Attorney General Loretta E. Lynch Delivers Brief Remarks on Press Conference Call to Announce the Justice Department’s Action to Block Halliburton’s Acquisition of Baker Hughes
Washington, DC United States ~ Wednesday, April 6, 2016
Thank you Bill [Baer], and good morning everyone. Thank you for joining us on this call. I know that there’s a great deal of interest in the activity of today, and we’re pleased to have this opportunity to provide you information and give you a chance to ask questions of Bill on this call. And I thank all of you for following this work and following our economic news.
Obviously, this is one of our significant merger cases. Our merger laws seek to protect the economy by condemning and/or blocking acquisitions that would eliminate rivals, increase market concentration or reduce incentives to compete and to innovate. And when we find those examples in a proposed transaction, the Department of Justice has an obligation to review it and take action.
Halliburton’s effort to acquire Baker Hughes – one of its two leading U.S. and worldwide competitors – violates the core antitrust principles that I have just outlined. The proposed merger would substantially reduce competition in 23 separate markets for oil field products and services, and it would turn many of those markets into non-competitive duopolies.
Now, as we all know, this industry is critical to energy exploration and production both in the United States and around the world. Now America and the American consumer deserve meaningful competition today and in the future in each of these markets so these markets can thrive.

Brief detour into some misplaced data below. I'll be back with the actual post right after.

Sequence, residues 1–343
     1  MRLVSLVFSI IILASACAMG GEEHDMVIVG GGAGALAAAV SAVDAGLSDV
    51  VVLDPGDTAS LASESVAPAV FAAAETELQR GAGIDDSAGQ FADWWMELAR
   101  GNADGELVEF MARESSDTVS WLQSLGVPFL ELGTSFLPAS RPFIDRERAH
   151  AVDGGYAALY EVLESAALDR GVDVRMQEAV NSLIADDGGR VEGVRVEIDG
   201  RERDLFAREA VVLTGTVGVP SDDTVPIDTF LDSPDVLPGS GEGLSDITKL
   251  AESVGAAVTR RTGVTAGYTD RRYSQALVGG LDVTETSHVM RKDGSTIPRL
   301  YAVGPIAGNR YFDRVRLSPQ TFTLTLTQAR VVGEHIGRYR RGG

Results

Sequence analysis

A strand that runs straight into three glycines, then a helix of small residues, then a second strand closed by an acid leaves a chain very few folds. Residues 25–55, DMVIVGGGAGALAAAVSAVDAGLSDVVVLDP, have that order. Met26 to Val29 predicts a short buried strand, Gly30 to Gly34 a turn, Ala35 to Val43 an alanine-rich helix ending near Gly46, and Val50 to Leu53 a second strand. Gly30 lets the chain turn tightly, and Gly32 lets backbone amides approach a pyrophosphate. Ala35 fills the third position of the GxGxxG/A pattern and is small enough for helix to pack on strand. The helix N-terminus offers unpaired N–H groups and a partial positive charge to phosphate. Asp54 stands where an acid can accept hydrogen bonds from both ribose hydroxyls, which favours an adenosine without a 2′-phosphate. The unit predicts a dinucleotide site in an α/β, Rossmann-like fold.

Now, I know the companies do claim that they can overcome these fundamental antitrust problems by offering to divest a mix and match of assets in some of the markets. And those of you who follow these cases know that often times divestiture can be effective – but not always. And the proposal put forth by the companies fails to address our concerns. The proposal is complicated, risky and regulatory, but most importantly, it falls far short of preserving – much less enhancing – the current competitive dynamic. Simply put, the parties’ merger puts competition at risk in too many markets. It’s not fixable and it should be enjoined.
Now, let me offer my thanks to the Antitrust Division team that has worked so diligently to investigate this merger and uncover these many flaws. As the complaint that we filed today illustrates, a vibrant economy depends on meaningful competition and vigilance by the department in challenging transactions like this that threaten to deny our citizens the benefit of competitive markets.
I will be speaking on this topic later today at the American Bar Association’s Antitrust Spring Meeting, but for now, let me again thank you all for joining this call, let me turn the call back over to Bill who will give you further information on the action that we filed today and he will take your questions.